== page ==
14 DAY EASTERN MOUNTAIN RANGES
On-Road, off-road, low-cost and luxury, From the high altitude mountains to low lying valleys, this motorcycle trip has it all
This 14-day South America motorcycle tour explores Colombia’s Eastern Ranges (Cordillera Oriental), widely regarded as the wildest of the country’s three Andean ranges. Lesser-known, lesser-visited, and with an insane array of exhilarating roads that are tailor-made for motorcycle touring, the Eastern Ranges are home to some of our favorite motorcycle-playgrounds.
There’s something here for everyone – Short ride days leave us plenty of time to enjoy the more cultural and historic destinations whilst longer riding days, on winding mountain roads, place the emphasis on the riding experience and the sensational landscapes. This tour has something for everyone: fast riding on paved roads, rough roads to get the juices flowing, high-altitude passes and spectacular low-lying valleys.
The best of Colombia in 16 extraordinary riding days?
The Wild, Wild East – Ride your motorcycle from Medellin straight east to the Cordillera Oriental, home to some of the most exciting motorbiking routes in the country
Climb The Rock - Soak up “the most spectacular views in Colombia” from the top of famous Piedra de Peñol in Guatape, with its 740-step stairway to the heavens
Páramo - Fantastic high-altitude riding across the Colombian Páramo, one of the world’s rarest and most bio-diverse ecosystems – enjoy the country’s longest road ascent!
Antioquia – Colombia’s second-biggest agricultural powerhouse, the Antioquia region is primarily mountainous although it’s dotted with an array of verdant valleys – sensational landscapes that make for rewarding motorcycle riding
Bogota – Tick Colombia’s bustling capital off you must-visit list
Bocaya – Right at the heart of Colombia’s fight for independence, the Department of Bocaya flanks the Easter Mountains and is renowned for its exquisite towns, an abundance of wilderness, dramatic peaks, and densely forested valley – a biker’s absolute dream ride
Jaw-dropping Roads & Scenery– Enjoy the kind of sensory overload that can only be experienced when on a South America motorcycle tour through a kaleidoscope of landscapes, altitudes, and climates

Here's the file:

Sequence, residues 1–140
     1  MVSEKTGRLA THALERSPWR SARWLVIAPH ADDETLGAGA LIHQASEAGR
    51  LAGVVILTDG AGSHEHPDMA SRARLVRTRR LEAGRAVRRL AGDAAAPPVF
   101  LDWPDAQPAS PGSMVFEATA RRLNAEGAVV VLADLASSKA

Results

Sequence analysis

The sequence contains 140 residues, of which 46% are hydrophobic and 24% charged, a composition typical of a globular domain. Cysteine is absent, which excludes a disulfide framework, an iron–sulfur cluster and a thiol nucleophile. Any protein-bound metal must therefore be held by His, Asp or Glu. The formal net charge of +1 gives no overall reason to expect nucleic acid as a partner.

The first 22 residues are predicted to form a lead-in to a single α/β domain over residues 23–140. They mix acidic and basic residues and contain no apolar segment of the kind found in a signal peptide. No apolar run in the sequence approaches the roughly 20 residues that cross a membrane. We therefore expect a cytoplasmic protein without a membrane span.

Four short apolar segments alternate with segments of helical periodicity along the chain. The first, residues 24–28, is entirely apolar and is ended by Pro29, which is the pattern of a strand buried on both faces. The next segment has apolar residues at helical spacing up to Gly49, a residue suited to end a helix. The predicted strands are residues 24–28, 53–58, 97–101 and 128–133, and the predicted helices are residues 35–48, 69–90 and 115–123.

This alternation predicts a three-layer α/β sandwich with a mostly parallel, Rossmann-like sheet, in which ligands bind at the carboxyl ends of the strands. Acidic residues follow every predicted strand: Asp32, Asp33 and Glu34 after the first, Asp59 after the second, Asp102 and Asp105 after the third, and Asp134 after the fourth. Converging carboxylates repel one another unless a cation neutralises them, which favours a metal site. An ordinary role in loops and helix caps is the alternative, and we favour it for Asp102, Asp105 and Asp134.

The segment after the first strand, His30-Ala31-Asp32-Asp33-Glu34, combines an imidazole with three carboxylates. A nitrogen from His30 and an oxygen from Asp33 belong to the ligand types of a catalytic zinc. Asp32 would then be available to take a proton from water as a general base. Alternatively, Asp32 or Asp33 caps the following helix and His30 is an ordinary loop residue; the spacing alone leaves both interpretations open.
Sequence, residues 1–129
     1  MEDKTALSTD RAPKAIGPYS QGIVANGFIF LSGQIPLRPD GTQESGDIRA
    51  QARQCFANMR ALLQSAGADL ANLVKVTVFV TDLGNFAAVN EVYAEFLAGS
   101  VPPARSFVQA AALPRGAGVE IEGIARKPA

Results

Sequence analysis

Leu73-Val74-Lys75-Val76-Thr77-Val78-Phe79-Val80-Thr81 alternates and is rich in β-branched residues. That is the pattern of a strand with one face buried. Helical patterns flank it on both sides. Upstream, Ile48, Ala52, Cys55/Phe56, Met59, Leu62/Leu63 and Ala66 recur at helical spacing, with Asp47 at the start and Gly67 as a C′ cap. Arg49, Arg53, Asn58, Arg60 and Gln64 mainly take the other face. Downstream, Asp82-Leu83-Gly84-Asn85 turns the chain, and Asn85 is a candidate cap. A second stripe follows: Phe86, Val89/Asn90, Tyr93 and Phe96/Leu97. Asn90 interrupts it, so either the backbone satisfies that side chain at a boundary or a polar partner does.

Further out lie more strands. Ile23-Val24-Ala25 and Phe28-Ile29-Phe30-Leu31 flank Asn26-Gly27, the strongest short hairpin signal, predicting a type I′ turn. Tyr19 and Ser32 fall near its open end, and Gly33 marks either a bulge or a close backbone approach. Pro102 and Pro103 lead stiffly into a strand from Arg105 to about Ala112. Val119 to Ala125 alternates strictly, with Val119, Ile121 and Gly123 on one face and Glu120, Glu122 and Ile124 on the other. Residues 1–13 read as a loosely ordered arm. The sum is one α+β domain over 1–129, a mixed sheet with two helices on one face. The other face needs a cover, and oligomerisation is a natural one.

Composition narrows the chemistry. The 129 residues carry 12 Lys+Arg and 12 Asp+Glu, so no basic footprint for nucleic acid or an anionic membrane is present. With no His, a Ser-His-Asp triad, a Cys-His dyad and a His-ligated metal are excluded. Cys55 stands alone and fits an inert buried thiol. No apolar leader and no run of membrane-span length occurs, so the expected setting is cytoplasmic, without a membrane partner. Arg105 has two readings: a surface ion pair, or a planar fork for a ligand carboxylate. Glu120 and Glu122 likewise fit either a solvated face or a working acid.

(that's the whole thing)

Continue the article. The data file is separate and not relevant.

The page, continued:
$3,485USD per person based on shared occupancy
+Add Pillion/Passenger $400USD ($25USD/Day)
+ Upgrade Single Room: +$800USD
$2,240USD per person
Hotels not included. We recommend using booking.com or similar to make your reservations. This gives you flexibility to find a hotel that fits your taste and budget.
We aim to provide you with the best value for your money. Our trips and rentals include great bike, all riding gear, clean, budget-friendly hotels, and off-the-beaten-path locations for an authentic experience in Colombia:
Bilingual Guide / Photographer
Fuel and Road Tolls
Hotels - Clean, budget-friendly hotels are included with guided trips.
Cell Phone Holder with Wireless and USB Charging
SOAT - Colombia's mandatory liability insurance
Medical Insurance - (Just in case)
High-quality 50 Liter dry bags
Emergency Tool Kit and Spares
High-Quality Rain Jackets
GPS Tracking Device
Optional Motorcycle Lowering Kit
Flexible Refund Policy - Cancellations 31 days or more will be allowed to reschedule or given a full refund. Cancellations 30 days or less prior to rental will be allowed to reschedule their trip at no cost. If rescheduling isn't possible you will be refunded the full price of the trip excluding the price of the hotels.
ALL GEAR INCLUDED
For maximum comfort and convenience, we recommend that you bring your own riding gear but if you need something we have quality gear available for you at no extra charge.
Day 1 – Medellin to Guatapé (99km / 62mi)
We get a head start on this motorcycle tour and set off from Medellin early in the morning when there’s still a chill in the air and the city has yet to wake from its slumber. Heading straight east, we aim for Guatapé, a gorgeous colonial town that sits on the shores of a glistening blue reservoir – this is, by far, the most popular weekend getaway destination for paisas, folks who live in the surrounding valleys.
Before reaching the town center, we swing by the striking El Peñon de Guatape monolith, which we climb for an unforgettable 360-degree view of the surrounding landscape. The town itself is an absolute charm, with brightly coloured houses and streets bursting with cool cafés and restaurants. Fancy a piping hot empanada and refreshing cerveza michelada for dinner? You got it!
Recommended Hotel: Zocalo Campestre
Day 2 – Guatapé to Sonsón (140km / 87mi)
Sonsón is a picturesque town of barely 18,000 souls, nestled in the remote highlands of Antioquia, one of Colombia’s most fertile regions and one blessed with undulating verdant hills, cool nights, and deliciously warm days. Agriculture is, and always has been, at the very core of Sonsón’s essence and here you’ll find a landscape dotted with coffee, maize, beans, and tomato plantations.
The town suffered greatly during Colombia’s agonizingly long internal conflict and, unfortunately, still bears the scars of prolific land-mining. If you’re keen, we can visit the Halo Trust, one of several agencies that are busy de-mining the surrounding mountainous terrain.
Tonight, we’ll stay in a 200-year-old hotel that’s filled with eclectic antiques and boasts a balcony that overlooks the main square and offers sweeping countryside views.
Recommended Hotel: El Tesoro
Day 3 – Sonsón to Salamina (87km / 54mi)